Tuesday, April 5, 2011

Experiencing Cuicuilco's pyramid

Cuicuilco's main pyramid is quite different from most Mesoamerican pyramids.  Two differences are apparent at first sight:  a round floorplan and, with the exception of a central core of stone, its construction of mud and adobe. 

In the 1920s-30s, archeologists used a poorly regarded archeological tool -- dynamite -- to blast their way through the ten meter thick lava flow.  They claim to have done their dynamiting carefully; using small charges and calculating where they expected to find ground level.  Fortunately, they did not destroy the ramp or stairway going up the front of the building.  

Once they reached original ground level, leaving what looks like a crescent-shaped moat around the base of the pyramid (which you can see if follow the path to the onsite museum) they tunneled into the center of the building in search of an earlier building on the same spot.  The mouth of the tunnel is still barely visible; eight decades of erosion have almost obliterated it.

No earlier building was found.  Instead, archeologists discovered the pyramid is an earthen mound covered with adobe bricks and plaster on the outside.  They also realized that the building grew in size every year.  Annual torrential summer downpours probably transformed the sloping adobe outside surface into an array of gullies -- unsightly for a temple dedicated to Huehueteotl, the important god of fire and volcanoes.  Each year, at the beginning of the dry season, the pyramid received a new layer of adobe plaster and, where needed, adobe bricks.  It grew in diameter just as a tree grows with tree rings; it also grew in height with a new layer of adobe plaster at the top.  

At the top of the pyramid -- accessible via the ramp on the front of the building -- new altars would periodically be built on top of old ones.  Archeological digs allow us to see five altars at the top of the pyramid.  The oldest is at the bottom of a pit, surrounded by vertical planks.  Keep in mind that, when it was in use, it was at the top of the pyramid.  Above it are two altars made of adobe, the second of which was protected in the 1960s, with volcanic stone.  

The fourth altar shows a dramatic change in the style of construction.  Its core of mud is surrounded by a wall of river-smoothed stone that was probably slathered with adobe plaster on the outside.  Its appearance would have been the same as the previous altars, but it would prove longer lasting.  From then on other structures were probably made of stone instead of adobe.  

The riverstone altar has been taken apart and the plan is that it will eventually be restored -- hence the numbers painted on each stone.  The fifth altar, at the very top of the pyramid and having been exposed to the elements for centuries, is the most damaged,.

What was once a small domed room is the only other building you can see in the Cuicuilco Archeological Park.  You pass it on your walk towards the museum.   It was named the “Kiva” by Byron Cummings, an Arizonan, who discovered it in 1923.  Had it been discovered by someone from anywhere other than Arizona or New Mexico, it probably would have been more properly named the temazcal, a Nahuatl name for a steam bath and a common building at Mesoamerican archeological sites.  What is unusual about the one at Cuicuilco is that it is built on one of the stepped landings of the wedding cake-shaped pyramid, not at original ground level.  It is perched ten meters up the side of the building -- probably an indication that it was built after the lava flow that destroyed the ancient city of Cuicuilco.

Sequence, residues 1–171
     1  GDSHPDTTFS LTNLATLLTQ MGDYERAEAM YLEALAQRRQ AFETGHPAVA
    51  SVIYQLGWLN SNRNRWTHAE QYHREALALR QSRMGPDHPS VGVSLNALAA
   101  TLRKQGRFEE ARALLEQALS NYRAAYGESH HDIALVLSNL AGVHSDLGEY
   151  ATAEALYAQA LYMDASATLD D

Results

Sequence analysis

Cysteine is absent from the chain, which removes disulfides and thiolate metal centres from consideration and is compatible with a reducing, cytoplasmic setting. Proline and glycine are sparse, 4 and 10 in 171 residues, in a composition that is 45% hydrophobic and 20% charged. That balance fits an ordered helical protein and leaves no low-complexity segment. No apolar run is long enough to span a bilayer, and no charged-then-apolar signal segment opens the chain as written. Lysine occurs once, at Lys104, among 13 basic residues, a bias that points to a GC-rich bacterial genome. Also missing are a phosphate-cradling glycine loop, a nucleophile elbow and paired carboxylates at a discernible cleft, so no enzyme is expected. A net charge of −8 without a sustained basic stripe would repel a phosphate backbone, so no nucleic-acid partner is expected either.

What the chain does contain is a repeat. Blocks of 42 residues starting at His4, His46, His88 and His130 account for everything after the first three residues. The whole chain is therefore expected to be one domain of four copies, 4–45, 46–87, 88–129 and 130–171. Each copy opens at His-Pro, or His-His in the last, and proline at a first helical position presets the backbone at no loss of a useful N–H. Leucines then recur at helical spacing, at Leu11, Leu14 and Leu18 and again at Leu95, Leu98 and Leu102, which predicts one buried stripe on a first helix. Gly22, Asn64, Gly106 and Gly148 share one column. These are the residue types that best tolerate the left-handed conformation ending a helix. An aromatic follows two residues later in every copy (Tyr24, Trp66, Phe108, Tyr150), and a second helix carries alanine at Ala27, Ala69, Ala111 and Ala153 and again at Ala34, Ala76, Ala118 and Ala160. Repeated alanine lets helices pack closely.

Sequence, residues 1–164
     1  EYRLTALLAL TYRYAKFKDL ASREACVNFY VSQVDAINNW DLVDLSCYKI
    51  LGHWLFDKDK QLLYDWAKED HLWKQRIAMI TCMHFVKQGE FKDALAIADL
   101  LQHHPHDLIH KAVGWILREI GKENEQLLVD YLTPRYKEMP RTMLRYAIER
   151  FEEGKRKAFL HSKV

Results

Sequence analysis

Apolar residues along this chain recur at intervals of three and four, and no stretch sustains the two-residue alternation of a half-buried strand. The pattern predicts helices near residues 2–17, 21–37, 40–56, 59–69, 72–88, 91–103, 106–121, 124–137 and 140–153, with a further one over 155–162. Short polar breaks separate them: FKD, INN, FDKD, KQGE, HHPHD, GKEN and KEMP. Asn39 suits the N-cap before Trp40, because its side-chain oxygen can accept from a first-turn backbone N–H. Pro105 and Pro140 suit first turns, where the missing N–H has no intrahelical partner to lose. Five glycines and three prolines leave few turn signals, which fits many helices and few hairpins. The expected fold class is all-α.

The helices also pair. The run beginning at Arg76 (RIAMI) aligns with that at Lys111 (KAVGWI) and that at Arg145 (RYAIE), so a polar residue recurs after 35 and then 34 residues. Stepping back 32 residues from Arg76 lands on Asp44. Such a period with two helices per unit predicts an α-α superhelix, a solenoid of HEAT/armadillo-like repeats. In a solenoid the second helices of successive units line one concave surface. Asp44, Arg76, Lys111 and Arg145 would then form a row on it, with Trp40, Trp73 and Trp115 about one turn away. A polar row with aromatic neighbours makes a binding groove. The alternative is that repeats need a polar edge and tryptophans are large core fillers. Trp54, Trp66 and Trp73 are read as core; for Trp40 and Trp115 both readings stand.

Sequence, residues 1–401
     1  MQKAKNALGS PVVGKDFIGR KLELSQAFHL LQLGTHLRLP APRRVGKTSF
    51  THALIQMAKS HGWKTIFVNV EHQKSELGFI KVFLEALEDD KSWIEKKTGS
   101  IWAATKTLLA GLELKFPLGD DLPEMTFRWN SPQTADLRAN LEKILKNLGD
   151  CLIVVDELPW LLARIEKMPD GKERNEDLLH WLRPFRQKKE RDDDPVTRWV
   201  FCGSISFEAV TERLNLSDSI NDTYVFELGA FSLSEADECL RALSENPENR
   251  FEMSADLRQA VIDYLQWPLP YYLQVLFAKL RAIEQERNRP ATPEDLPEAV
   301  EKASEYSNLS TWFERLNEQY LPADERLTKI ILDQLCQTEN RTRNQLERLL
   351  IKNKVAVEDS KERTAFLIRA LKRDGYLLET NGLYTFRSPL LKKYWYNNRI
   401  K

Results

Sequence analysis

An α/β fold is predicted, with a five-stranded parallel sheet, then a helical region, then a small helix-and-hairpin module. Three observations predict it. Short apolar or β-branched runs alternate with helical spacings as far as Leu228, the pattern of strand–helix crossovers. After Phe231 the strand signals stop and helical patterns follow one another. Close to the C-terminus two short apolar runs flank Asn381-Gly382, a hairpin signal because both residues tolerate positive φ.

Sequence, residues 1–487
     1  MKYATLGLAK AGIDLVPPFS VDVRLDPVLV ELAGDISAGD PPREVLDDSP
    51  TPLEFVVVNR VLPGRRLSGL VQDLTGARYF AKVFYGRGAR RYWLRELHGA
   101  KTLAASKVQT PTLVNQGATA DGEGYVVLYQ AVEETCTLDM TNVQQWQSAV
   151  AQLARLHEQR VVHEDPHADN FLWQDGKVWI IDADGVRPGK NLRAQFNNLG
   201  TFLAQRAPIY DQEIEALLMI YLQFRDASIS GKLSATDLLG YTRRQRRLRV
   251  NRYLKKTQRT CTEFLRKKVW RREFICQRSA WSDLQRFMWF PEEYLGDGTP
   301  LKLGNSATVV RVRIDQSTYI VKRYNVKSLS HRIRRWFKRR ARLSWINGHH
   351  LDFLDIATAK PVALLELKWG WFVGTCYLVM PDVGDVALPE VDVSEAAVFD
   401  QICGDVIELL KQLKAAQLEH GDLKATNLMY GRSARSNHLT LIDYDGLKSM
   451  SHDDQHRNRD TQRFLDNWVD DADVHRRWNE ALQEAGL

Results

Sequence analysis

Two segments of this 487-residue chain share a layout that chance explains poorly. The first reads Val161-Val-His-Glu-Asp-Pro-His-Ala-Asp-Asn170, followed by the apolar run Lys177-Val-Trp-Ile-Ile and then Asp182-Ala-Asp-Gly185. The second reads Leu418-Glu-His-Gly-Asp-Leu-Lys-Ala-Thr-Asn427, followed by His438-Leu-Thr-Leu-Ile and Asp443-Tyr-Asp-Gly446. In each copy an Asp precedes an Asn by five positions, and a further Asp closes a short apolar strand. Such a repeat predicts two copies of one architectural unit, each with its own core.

In a temazcal, rocks, previously heated in fire, are set in the middle of the small room; once all participants are seated and a blanket has sealed the doorway, cold water is poured over the rocks, creating steam. If the steam bath is for cleansing, hot steam is an effective way to bathe using very little water.  If for medicinal purposes there are applications of poultices and teas made from roots, bark, leaves or fruit,. Temazcals were also used for the purification of the bodies of those who were going to participate in a religious ceremony. Because of its location, this temazcal was probably used for the latter purpose.  

Imagine the itinerant Cuicuilcans -- who had fled as lava flowed into their city -- returning, hoping to salvage something of what had been their bountiful farms and bustling lakeside city, only to find that Huehueteotl had destroyed everything except his temple -- now surrounded by the blackness and bleakness of a lava field.  

They needed a steam bath for the ritual purification of the priests who would be carrying out ceremonies for pilgrimages at the top of the now miraculous temple -- saved by the god himself.  The temazcal was probably built on what appeared to be the only soil, but was really one of the landings of the stepped pyramid.  Stare at the inside of the small room and red designs will start appearing to you.   Painted with iron oxide, red lasts longer than other colors.  Some of those designs may date from the time of Christ, set in a city founded contemporaneously with Jerusalem.
On a more contemporary note:  for readers in Cuernavaca, tomorrow at 5 pm a National March for Peace and Justice, led by poet Javier Sicilia, will walk from the Glorieta de la Paz to the Zocalo.  I hope to see you there.

No comments:

Post a Comment